When the US economy crashed in 2007-09 following the sub-prime crisis, the banking system froze. The Fed brought its interest down to 0% and effectively ‘doped’ the economy for 8 years with very cheap money. This ended this Wednesday, the 16th, when the Fed increased its rate for the time since the crisis by a smallish 0.25%.
It looks like non-event and by itself it is. What is represents, however, is a big deal.
A sick patient
In the aftermath of 2007-09 and the collapse of Lehman Brothers, a huge issue of trust prevented the system from working properly. Banks would net lend money to each others, liquidity was missing and many businesses saw their lifeline cut. Bankruptcies followed, increasing the trust issue and re-inforcing the problem.
When businesses borrow money from the banks, the banks themselves get their borrowings from the Fed. The basic cost of borrowing comes from the interest rate the Fed applies on funds that the banks leave with the Fed overnight.
Technically, it’s the best and lowest interest rate available on the market so everything else is priced based on that rate: mortgage rates (eg. 30 years), car loans (eg. 5 years) and credit card rates (eg. 1 month). But savings rate (consumers lending to the bank) are also affected by this rate.
And a powerful medicine
Prior to the 2007-09 crisis, the Fed’s rate was set at 5.25%, meaning this was the cheapest rate at which the banks could borrow cash overnight. After the crisis started, to boost liquidity and promote lending, the Fed decreased its lending rate 10 times in 14 months to almost 0%.
This dramatic decrease remained within the 0% – 0.25% range for almost 6 years.
With all this cheap money and the subsequent Quantitative Easing, debt became very cheap and the housing market started to turn around. Companies borrowed at very low levels, regained confidence and started to hire again. Unemployment has fallen dramatically and companies are now making record profits.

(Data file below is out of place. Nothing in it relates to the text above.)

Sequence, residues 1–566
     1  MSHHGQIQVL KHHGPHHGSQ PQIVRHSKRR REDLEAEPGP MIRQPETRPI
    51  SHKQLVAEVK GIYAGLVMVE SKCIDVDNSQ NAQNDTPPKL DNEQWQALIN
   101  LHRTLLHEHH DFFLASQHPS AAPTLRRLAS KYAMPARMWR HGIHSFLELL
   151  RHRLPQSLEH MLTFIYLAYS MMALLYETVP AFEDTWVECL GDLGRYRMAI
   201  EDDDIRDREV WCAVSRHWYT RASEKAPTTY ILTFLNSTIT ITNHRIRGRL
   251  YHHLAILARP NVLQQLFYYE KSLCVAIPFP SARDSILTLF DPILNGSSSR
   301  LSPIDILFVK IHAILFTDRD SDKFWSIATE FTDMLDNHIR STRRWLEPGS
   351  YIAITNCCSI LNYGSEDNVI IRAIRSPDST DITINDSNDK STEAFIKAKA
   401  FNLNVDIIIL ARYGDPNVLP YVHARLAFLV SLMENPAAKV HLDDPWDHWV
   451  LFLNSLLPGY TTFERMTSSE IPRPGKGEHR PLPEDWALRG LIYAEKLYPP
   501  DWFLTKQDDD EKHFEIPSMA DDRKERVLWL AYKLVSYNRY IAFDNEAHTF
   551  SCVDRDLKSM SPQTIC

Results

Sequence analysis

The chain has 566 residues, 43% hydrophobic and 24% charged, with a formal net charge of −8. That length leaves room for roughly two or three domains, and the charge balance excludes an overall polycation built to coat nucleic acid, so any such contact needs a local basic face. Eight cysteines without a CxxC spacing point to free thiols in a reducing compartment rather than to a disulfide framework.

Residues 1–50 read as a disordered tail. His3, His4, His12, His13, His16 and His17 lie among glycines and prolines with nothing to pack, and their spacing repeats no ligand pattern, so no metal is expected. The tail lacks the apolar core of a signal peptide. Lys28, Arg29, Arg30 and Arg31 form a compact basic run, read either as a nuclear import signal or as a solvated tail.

Debt is so cheap that companies have started to borrow to buy-back their shares to boost EPS, pushing stock prices higher still. Awash with debt and equity, M&A deals have accelerated. Too much of a good thing can be dangerous and the Fed is also aware of that.
What comes down must go up
All this cheap money has been a boost to the economy and lowering interest rates is one of the easiest ways a central bank can control inflation and therefore growth. When the economy stalls, it lower the rates to stimulate it. When the economy overheats, it increases the rates to cool it down.
As long as the rates are set at 0%, the Fed doesn’t have much leverage to dope the economy again were it to go into recession again. Additionally, when rates remain low for a prolonged period of time, inflation expectations also go down towards deflation. Deflation becomes a problem when people and business stop spending in anticipation of future costs being lower than the current costs. Another vicious circle that feeds itself. This is why the Fed has a target inflation of around 2%.
Why it’s a big deal
An increase of Fed rate by 0.25% is by no mean going to impact your life or mine tomorrow. Maybe mortgage rate will go up a little and possibly the interest that we get on our savings account will start to increase next year. But other than, impact is negligible.
What will be visible to you and me and every consumer is what comes next.
According to the latest’s FOMC minutes, the Fed’s expectations are that rates will keep increasing for the next 3 years:
- 2015: 0.4%
- 2016: 1.4%
- 2017: 2.6%
- 2018: 3.4%
In 2018, mortgage rates could be around 7-8% again. House prices should come down as a result. Savings account may finally generate more than 0.1%, making people more wiling to save. Bond yields will increase and as the risk associated to a 5% return decreases, investment in stocks should decrease as well. Stock prices should then be expected to grow more slowly, or not grow at all.
So the rate hike that the Fed triggered this Wednesday is no big event in itself.
But the indication that it is on a path to raising rates back to normal levels over the next few years is a significant change.
Till then, many of us still have a Christmas celebration to prepare and gifts to
buy wrap. Enjoy the good time with your friends and family. We are taking a 2-week break ourselves, starting this week-end and we will be back in January with lots of a good stuff. Stay tuned 🙂
Happy holidays everyone,